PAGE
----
The tungsten coated aluminum oxide abrasive particles were mixed to a 50% volume ratio with powdered Haynes 230™ alloy, having a mesh size of -80/+325, as the metal matrix material. Haynes 230 is a nickel based alloy known for its high temperature strength, oxidation resistance, and thermal stability. Its nominal chemical composition is Ni-22Cr-14W-2Mo, and its complete chemistry by the UNS is N06230.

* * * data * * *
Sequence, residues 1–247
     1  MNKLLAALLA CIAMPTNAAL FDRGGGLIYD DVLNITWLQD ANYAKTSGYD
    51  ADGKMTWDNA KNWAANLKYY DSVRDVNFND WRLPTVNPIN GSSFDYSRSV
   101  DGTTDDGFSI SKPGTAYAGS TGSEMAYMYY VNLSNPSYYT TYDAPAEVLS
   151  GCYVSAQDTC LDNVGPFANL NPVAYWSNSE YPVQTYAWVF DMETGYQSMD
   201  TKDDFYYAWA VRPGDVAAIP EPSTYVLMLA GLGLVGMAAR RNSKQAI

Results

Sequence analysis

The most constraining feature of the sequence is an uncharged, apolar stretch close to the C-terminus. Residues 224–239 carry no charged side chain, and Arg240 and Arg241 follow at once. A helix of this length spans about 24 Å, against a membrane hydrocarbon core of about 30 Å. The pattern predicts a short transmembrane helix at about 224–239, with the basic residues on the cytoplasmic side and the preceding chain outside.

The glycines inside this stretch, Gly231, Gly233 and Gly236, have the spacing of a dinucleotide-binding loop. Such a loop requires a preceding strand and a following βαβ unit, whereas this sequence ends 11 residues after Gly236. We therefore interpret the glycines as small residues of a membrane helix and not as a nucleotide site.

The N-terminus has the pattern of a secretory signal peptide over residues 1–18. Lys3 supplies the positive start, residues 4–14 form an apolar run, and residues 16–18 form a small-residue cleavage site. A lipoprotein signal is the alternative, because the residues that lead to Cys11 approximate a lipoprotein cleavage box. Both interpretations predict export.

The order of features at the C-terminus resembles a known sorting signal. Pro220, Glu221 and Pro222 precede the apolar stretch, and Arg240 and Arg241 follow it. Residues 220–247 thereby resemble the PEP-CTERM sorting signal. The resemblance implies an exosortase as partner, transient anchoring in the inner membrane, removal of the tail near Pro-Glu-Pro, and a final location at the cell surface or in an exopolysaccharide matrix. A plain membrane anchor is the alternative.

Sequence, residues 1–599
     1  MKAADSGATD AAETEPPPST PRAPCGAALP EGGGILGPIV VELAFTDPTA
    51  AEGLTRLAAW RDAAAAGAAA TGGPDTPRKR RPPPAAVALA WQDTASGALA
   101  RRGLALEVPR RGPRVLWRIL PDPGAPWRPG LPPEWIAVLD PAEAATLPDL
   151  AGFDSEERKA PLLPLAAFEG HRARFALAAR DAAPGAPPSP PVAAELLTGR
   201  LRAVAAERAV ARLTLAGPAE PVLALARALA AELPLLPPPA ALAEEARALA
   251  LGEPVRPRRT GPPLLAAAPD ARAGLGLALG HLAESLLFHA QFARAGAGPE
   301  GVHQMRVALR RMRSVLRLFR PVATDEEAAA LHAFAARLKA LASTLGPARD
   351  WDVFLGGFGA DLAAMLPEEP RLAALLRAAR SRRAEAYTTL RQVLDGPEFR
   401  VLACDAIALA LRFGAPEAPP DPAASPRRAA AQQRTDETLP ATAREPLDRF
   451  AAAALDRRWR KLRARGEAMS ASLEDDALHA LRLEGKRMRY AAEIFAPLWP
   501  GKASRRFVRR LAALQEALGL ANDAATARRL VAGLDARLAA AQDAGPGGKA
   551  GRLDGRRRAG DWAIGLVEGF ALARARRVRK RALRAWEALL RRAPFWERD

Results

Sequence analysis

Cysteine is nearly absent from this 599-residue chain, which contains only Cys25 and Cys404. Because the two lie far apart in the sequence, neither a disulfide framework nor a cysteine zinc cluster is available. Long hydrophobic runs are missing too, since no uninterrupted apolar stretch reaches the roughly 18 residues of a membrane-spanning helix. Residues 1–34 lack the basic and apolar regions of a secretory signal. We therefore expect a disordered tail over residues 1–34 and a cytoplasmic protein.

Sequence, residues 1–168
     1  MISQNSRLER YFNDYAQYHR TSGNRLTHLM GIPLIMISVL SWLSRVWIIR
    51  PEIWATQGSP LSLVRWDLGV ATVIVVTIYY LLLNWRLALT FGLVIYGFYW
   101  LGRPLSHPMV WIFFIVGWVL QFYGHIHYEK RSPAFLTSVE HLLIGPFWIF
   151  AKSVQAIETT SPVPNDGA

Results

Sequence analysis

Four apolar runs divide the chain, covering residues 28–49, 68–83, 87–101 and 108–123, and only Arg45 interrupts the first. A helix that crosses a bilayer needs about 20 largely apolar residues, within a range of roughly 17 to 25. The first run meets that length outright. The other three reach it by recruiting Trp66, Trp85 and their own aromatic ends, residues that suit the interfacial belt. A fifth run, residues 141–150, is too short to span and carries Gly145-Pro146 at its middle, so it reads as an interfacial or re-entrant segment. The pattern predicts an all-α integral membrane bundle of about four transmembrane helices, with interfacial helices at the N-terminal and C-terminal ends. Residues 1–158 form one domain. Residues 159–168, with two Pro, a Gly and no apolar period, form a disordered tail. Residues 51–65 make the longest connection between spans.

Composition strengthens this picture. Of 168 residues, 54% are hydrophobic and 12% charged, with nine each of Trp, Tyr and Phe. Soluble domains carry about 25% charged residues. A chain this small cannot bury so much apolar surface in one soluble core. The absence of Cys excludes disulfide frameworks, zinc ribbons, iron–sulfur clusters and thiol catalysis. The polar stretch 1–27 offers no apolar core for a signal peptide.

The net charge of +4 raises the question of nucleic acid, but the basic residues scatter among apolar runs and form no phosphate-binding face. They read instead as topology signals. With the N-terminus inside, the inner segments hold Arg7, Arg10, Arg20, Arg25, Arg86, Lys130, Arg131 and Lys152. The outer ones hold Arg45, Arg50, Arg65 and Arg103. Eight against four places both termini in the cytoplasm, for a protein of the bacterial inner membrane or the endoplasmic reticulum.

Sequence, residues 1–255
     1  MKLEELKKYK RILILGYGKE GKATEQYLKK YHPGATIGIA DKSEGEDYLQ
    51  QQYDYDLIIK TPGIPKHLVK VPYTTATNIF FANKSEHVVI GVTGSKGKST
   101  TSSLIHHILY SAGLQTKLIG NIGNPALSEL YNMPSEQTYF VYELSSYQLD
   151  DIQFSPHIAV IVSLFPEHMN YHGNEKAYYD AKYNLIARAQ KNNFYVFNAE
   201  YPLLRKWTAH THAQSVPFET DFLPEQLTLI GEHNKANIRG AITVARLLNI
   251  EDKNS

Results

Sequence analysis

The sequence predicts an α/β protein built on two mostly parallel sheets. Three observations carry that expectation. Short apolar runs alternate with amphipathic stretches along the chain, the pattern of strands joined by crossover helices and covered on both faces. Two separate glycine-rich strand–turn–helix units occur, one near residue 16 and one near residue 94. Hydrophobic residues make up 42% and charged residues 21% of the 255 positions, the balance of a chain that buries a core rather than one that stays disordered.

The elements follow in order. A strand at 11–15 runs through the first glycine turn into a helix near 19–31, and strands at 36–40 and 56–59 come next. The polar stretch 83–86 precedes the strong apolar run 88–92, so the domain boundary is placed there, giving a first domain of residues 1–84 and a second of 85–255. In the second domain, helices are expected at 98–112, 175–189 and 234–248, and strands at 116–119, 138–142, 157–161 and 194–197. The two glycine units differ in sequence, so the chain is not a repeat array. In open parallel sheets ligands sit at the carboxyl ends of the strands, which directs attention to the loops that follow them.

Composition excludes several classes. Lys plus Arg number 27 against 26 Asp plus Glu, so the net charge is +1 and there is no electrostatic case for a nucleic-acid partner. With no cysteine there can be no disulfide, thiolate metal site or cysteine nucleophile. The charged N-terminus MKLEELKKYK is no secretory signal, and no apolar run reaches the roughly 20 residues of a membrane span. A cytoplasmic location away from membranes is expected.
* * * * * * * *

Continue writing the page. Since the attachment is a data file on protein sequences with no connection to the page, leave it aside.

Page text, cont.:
Photomicrographs 6 and 7 establish that a fusion welded deposit resulted from traversing the metallic substrate beneath the laser beam while adding the blended powder. The laser power was 1.2 kilowatts, the travel speed 30 in. per minute, and the powder feed rate 0.30 grams per second. Photomicrographs 6 and 7 were examined and it was determined that they consisted of an abundance of aluminum oxide particles surrounded by tungsten enriched zones in a Haynes 230 matrix welded to the metallic substrate. In photomicrograph 6, it can be seen that the tungsten coated aluminum oxide particles are relatively uniformly distributed throughout the matrix deposit. Photomicrograph 6 clearly discloses the fusion zone between the matrix material and the underlying substrate. Photomicrograph 7 discloses the solid abrasive particle, surrounded by its tungsten coating, which has been fusion bonded to the matrix. It is preferred that at least the surface of the coating melt in order to provide a fusion bond with the matrix material which is melted by the beam.